The Obama administration has overturned a ban on older models of iPhones and iPads being sold in the USA.
This is despite the ITC (International Trade Commission) ruling that Apple had violated Samsung patents.
The ITC, officially known as the United States International Trade Commission, is an independent, quasi-judicial, bipartisan, federal agency. The ITC says it provides trade expertise to both the executive and legislative branches.
It also determines the impact of imports on American industries and directs actions against unfair trade practices, including dumping, subsidies, and trademark, patent and copyright infringement.
Michael B. G. Froman, President Barack Obama’s trade ambassador has vetoed the ITC ruling. Froman claims that the ruling has a negative effect on competitive conditions in the American economy.
Presidents rarely veto an ITC ruling
Vetoing an ITC ruling is very uncommon. According to the Wall St. Cheat Street, ITC rulings have been vetoed by the President only six times since 1916, when the Commission was founded. This type of veto was last used 25 years ago.
The patent in question relates to wireless technology and the ability to transmit several services accurately and simultaneously. The ITC had ordered that all imports and sales of AT&T-sold models of iPhone 3GS, iPhone 3, iPhone 4 and iPad 2 3G be halted.
Some of the products listed in the ruling were not affected, because they were no longer being sold in the USA.
These patents, known as “standard essential patents”, include technology that has to be used to conform to standards established by the industry.
President Obama had 60 days to review the ITC import-ban ruling.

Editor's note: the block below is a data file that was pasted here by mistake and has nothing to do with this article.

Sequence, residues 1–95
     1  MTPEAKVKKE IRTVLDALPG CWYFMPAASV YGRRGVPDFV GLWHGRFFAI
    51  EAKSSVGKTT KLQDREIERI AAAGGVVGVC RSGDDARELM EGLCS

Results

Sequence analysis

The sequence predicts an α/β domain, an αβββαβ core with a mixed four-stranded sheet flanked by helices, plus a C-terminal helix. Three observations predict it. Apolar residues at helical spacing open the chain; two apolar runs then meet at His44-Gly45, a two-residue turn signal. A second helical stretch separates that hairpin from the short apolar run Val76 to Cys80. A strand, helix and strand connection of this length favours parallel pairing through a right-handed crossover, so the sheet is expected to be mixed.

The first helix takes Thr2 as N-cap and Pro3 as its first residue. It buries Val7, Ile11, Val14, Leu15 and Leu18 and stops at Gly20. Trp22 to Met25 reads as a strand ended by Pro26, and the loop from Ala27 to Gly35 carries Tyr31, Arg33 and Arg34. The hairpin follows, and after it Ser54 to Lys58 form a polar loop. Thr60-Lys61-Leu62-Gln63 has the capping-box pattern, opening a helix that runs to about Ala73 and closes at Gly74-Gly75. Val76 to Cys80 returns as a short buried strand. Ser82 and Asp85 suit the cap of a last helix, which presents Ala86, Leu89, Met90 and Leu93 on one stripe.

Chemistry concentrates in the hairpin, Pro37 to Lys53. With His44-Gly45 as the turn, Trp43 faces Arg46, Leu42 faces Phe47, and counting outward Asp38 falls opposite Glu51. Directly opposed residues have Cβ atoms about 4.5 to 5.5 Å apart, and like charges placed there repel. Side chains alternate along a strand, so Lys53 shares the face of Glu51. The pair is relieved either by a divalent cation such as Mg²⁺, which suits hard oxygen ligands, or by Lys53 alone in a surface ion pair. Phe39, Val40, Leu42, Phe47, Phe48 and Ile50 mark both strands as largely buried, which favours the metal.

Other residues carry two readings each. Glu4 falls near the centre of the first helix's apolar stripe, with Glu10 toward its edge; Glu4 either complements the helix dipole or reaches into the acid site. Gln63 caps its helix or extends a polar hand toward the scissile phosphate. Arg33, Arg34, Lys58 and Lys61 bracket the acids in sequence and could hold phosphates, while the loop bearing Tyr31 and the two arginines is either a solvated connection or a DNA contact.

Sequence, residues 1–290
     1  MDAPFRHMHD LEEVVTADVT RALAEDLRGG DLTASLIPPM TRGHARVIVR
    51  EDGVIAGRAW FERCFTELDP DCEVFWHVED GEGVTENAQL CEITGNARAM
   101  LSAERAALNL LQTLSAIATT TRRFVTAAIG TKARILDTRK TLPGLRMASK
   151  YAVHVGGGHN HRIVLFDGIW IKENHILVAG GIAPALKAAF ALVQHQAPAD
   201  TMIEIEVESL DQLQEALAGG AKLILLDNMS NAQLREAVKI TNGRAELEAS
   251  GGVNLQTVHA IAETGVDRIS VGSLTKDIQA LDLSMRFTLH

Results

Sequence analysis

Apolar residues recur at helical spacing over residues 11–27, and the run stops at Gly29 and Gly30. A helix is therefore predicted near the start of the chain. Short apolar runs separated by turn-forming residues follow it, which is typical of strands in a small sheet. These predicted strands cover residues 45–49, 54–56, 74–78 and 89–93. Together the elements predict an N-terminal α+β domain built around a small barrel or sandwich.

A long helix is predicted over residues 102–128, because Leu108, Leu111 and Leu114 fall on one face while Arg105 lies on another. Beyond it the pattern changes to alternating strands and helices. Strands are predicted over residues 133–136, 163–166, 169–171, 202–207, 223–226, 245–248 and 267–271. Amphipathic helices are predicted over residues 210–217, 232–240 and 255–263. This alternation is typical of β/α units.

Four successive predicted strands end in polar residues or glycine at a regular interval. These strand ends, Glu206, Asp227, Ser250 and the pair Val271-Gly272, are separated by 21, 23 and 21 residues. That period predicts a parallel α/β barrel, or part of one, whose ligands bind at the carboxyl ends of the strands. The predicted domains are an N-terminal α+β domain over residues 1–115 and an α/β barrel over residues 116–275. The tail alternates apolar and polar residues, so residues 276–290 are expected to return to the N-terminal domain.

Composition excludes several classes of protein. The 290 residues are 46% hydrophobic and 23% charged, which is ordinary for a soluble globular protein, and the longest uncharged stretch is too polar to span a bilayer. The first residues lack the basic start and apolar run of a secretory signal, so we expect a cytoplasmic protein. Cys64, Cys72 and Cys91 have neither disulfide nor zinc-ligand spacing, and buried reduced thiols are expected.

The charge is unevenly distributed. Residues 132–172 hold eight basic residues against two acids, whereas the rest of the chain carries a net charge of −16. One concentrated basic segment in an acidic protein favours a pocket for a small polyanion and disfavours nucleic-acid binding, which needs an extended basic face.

In a letter to Irving A. Williamsong, Chairman of the U.S. International Trade Commission (USITC), Mr. Froman wrote:
“After extensive consultations with the agencies of the Trade Policy Staff Committee and the Trade Policy Review Group, as well as other interested agencies and persons, I have decided to disapprove the USITC’s determination to issue and exclusion order and cease and desist order in this investigation. This decision is based on my review of the various conditions in the U.S. economy and the effect on U.S. consumers……
……This policy decision is not an endorsement or a criticism of the Commission’s decision or analysis. My decision to disapprove this determination does not mean that the patent owner in this case is not entitled to a remedy. On the contrary, the patent owner may continue to pursue its rights through the courts.”
Apple applauds and Samsung criticizes the veto
In a statement, Apple spokesperson, Kristin Huguet said “We applaud the Administration for standing up for innovation in this landmark case. Samsung was wrong to abuse the patent system in this way.”
Adam Yates, a spokesperson for Samsung, said “(the company is) disappointed that the U.S. Trade Representative has decided to set aside the exclusion order issued by the U.S. International Trade Commission (ITC). The ITC’s decision correctly recognized that Samsung has been negotiating in good faith and that Apple remains unwilling to take a license.”
James Politi and Richard Waters wrote in The Financial Times that President Obama’s vetoing of the ITC ruling goes against America’s aggressive push for more stringent intellectual property regimes worldwide.
According to the BBC, Samsung and Apple are in the middle of a worldwide patent war. In 2012, a court ruled that Samsung had to pay Apply $1 billion in damages for violating Apple patients. That award was later reduced to $598.9 million.